Thursday, August 16, 2012

100 Books #75 - Stephen King's THE GUNSLINGER

I suppose it's always been lurking there at the back of my mind, this notion that what Stephen King writes isn't so much genre fiction as very old-fashioned morality plays with genre fiction trappings. It's there in the way his characters speak, so often in phrasings, if not phrases, that feel ripped right out of the Old Testament, and while yes, it is often his evil characters who speak the most like the old school Puritans of yesteryear, even that turning inside-out of the morality play's conventions doesn't change its essential nature.

I can absolutely picture King wandering around the desert landscapes and small towns of this and so many of his other books, accompanied by a small band, putting on these tales as shows, medieval style, his wife Tabitha banging on a tambourine somewhere in the background as he and their children cavort and caper and enact broad and simple narratives of judgment and redemption, exhortation and condemnation.

I don't know why I haven't really noticed this before now, though truth be told it has been many years since I read a Stephen King novel*; I prefer generally his short fiction, which, coincidentally (or maybe not) has a whole lot less of this feel to it on the whole. At any rate, the notion is inescapable in the pages of this first of his Dark Tower series, taking place as it does in a sort of afterlife of the entire world, thinly populated and despairing, through which our hero Roland strides pursuing the man in black and falling into his adversary's traps, traps that always seem to set Roland up as, and force him to be, the bad guy in order to defend himself and his mission.

And yes, everyone in it talks like a character out of 17th or 18th century New England, home of the Puritans, descendants of the people who were the most likely creators, performers and audiences for those original medieval and Tudor morality plays.

This would be a lot more tiresome than it is but for King's skill as a crafter of prose, at which he is simply nonpareil. "The wood seemed old, fragile to the point of elvishness; it was wood being transmogrified into sand," for instance. It's like a Marty Stupich photograph** made verbal, this stuff.

And then there's the last section of the novel, where our hero confronts his nemesis/mentor/foil/thing, the Man in Black, whom yes I buy as Randall Flagg from The Stand though I have as yet only seen the fun, fun (M-O-O-N My Life For You Oh Matt Frewer) miniseries of that book. But so, finally, I see what Stephen King has going on with his morality play. He's blowing his morality play apart here. He's writing his own personal version of Last Call***, wherein he invokes all the archetypes. All the archetypes, you guys. And no, I'm not just talking about the sacrifice and the tarot cards, although yes, I am talking about them somewhat.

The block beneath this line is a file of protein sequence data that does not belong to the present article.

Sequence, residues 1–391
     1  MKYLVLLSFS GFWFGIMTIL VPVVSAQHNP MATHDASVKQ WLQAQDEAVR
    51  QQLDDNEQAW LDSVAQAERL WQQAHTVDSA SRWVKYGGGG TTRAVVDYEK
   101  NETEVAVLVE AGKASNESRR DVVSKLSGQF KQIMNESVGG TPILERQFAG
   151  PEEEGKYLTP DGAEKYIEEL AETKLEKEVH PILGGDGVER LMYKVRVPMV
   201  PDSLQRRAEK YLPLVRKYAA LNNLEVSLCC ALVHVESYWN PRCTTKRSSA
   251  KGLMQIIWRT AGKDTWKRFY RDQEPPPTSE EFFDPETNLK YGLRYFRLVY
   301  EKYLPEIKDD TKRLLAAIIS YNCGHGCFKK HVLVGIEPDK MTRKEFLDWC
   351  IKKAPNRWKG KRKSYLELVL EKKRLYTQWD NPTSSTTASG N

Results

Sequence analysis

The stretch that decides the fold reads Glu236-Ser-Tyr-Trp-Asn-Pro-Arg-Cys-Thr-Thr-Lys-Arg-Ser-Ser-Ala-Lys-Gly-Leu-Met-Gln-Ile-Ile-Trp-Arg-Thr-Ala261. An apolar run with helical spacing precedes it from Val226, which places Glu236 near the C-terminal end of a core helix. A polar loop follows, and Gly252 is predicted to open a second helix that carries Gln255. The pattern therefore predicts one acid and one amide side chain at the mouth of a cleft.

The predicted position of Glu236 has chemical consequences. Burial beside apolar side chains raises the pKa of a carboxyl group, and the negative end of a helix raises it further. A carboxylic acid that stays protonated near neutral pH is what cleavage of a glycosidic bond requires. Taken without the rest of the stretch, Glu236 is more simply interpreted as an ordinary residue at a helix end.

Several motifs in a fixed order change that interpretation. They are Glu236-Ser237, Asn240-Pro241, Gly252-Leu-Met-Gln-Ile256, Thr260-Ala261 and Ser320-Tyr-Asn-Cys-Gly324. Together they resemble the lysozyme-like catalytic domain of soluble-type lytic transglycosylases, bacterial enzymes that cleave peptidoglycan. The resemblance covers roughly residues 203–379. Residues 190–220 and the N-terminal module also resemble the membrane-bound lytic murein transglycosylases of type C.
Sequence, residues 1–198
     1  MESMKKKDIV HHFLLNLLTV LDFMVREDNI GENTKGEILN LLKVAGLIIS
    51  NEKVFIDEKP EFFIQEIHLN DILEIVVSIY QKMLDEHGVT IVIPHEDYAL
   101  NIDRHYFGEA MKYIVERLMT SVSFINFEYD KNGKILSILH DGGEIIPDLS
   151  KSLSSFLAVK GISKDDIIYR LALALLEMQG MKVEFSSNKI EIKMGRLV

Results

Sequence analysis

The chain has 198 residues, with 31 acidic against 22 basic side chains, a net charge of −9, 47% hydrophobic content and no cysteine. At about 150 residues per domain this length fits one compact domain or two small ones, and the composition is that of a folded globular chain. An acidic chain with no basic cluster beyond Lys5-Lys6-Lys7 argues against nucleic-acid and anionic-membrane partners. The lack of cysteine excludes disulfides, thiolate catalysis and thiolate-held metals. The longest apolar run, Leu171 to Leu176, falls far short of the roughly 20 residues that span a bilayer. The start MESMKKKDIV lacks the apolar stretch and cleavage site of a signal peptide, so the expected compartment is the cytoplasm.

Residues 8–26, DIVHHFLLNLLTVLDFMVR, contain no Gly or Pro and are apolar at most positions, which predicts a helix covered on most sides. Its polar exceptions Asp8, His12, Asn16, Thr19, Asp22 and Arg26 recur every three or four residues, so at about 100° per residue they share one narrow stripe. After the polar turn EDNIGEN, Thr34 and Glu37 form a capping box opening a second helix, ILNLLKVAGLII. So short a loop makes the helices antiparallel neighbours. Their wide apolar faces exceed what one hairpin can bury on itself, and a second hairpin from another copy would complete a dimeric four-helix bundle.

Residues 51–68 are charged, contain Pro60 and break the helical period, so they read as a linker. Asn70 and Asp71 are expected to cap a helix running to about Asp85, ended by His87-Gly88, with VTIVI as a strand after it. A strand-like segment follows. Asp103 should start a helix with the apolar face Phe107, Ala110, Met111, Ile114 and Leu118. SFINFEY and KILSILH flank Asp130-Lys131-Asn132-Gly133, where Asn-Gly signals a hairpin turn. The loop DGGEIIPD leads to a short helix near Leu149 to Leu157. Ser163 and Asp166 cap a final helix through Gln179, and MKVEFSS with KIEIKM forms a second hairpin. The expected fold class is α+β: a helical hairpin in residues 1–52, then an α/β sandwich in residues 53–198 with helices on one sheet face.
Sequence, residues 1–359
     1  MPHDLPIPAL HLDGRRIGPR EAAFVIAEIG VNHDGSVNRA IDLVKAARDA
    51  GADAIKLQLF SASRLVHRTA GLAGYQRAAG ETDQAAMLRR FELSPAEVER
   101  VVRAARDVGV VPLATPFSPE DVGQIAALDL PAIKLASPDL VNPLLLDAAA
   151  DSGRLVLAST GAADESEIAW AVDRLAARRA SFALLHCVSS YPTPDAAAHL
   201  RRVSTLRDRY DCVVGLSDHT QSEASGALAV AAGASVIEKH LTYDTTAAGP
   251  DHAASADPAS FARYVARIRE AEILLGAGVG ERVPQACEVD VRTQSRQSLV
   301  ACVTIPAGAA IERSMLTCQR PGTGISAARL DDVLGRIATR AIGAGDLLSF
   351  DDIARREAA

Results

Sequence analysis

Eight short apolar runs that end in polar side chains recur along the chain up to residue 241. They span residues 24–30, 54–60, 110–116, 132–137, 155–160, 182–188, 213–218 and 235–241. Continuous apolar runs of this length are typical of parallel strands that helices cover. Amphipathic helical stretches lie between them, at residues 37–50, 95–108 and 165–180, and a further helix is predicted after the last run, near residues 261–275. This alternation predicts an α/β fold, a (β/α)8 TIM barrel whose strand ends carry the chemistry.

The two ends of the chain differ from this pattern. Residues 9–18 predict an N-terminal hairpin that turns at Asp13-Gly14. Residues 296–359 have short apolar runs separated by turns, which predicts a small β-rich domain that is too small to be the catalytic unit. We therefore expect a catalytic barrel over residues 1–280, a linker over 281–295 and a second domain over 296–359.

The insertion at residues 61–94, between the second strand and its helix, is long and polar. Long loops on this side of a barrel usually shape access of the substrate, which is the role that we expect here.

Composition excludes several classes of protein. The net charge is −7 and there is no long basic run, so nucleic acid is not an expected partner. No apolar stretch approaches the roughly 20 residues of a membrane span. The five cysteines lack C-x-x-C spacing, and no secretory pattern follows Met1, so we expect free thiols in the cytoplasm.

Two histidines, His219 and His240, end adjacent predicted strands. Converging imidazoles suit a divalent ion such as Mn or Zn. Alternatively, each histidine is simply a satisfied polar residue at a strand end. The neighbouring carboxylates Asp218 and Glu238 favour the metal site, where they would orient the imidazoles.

Because really, the Man in Black is the Mandelbrot Man and I'm scared of him in a very existential way. Which is to say I get it, I get why my friends love this series so and why they urge me to keep on reading even through the annoying Puritan bits...

And so yes, I will be doing that soonish. But first I've got some beta-reading to do.

*And I'm only reading this one because my friends Sennydreadful and EssJay love it so.

**Marty Stupich, my dear, dear friend and once preserver of my very sanity, is the best photographer on this planet. The best. I know lots of greats and I retweet their work and love them to pieces but Martin Stupich is their overlord. If there is a god of photography, it is Martin Stupich. Worship him and send him all your remaining Kodachrome and other stock. Sing praise, gaudeaumus that Martin Stupich has blessed this world with his eye and camera. Am I adequately conveying his greatness in this footnote? MARTIN EFFING STUPICH, MOTHERFOLKLORES. Go click on the highlighted link if you haven't already. Oh Marty, you are the original reason I bless the evolution of the eye.

***And if you haven't read this book yet... how do you even understand anything I've ever talked about ever?


  1. Squee! You're reading the Dark Tower.

    Even though I have a soft spot in my heart for The Gunslinger, it's not the strongest work of the series. He wrote it at 19 as a study in style... I think that's where the annoying bits come from, heh. But I love the style. I love the Western meets a future of a long long time ago. (Are there robots yet in The Gunslinger? I can't remember...)

    I'm excited to see what you think of the next book!

  2. WOO! Honestly, I was on pins and needles, ready to cry at the drop of
    a "Yeah, no. This wasn't for me," from you!

    But seriously, I"m really glad you liked it. I think you'll like the next
    one even more, and the third one more than that.

    I really do.


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